The 900-page Information: Information: A Historical Companion will be released by Princeton University Press in late January. It was the outcome of four years working with three co-editors and more than 100 contributors. It was also personally the outcome of 15 years teaching the course “History of Information” to undergraduates here at Berkeley. In this talk, I will reflect on these experiences to explore the utility and challenges of historicizing information.
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Paul Duguid is an adjunct full professor at the School of Information and formerly professorial research fellow at Queen Mary, University of London. Intermittently, he has held visiting positions at the University of Lille, the École Polytechnique in Paris, and Copenhagen Business School, and honorary positions at the universities of York and Lancaster in the U.K. From 1989 to 2001 he was affiliated to the Office of Central Management at the Xerox Palo Alto Research Center (PARC); prior to that, a member of PARC's affiliated Institute for Research on Learning.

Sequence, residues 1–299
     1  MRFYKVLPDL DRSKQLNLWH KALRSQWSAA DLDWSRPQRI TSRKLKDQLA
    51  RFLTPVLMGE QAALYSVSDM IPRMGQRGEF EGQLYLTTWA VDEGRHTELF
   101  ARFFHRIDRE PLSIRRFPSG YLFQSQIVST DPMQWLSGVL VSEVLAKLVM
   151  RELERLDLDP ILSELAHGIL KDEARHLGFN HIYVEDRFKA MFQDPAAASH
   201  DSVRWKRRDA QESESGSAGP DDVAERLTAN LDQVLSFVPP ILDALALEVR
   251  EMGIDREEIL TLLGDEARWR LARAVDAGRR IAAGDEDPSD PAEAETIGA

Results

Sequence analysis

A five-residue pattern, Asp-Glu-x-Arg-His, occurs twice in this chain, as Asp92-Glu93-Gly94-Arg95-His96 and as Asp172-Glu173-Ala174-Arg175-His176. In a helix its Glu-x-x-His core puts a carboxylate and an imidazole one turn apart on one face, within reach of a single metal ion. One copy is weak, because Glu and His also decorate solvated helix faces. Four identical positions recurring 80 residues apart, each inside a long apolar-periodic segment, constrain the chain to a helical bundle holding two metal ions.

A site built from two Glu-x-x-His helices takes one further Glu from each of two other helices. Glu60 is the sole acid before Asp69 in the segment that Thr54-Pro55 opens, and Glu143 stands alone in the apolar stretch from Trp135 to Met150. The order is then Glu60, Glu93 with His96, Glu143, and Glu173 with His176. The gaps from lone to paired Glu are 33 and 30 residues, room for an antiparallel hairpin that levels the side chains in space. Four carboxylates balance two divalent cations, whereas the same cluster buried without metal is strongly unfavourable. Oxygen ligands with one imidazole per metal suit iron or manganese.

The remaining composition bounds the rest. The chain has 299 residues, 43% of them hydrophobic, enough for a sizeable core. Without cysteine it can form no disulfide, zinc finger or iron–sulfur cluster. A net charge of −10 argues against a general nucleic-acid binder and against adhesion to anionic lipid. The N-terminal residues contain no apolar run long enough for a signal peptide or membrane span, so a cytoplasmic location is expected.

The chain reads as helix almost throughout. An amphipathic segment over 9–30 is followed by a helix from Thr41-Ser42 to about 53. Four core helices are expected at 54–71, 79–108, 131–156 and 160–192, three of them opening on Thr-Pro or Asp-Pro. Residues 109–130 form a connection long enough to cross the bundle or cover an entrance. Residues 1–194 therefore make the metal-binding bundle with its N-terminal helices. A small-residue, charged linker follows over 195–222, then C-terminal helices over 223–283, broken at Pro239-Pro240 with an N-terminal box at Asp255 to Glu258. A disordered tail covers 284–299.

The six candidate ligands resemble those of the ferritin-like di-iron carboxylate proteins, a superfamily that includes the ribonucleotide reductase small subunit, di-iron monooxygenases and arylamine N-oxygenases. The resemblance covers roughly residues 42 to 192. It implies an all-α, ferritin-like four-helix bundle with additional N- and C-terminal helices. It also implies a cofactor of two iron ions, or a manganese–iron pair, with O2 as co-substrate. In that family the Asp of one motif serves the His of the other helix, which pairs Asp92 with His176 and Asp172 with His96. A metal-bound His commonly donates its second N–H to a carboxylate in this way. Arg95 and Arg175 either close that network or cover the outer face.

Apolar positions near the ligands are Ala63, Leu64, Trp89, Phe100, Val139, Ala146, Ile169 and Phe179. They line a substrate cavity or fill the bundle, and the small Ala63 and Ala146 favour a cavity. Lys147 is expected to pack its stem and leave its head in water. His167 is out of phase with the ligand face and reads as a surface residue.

At Berkeley, he teaches “Concepts of Information” (INFO 218) and “History of Information” (INFO 103). His current research interests include the history and development of trademarks and the history of the concept of information.
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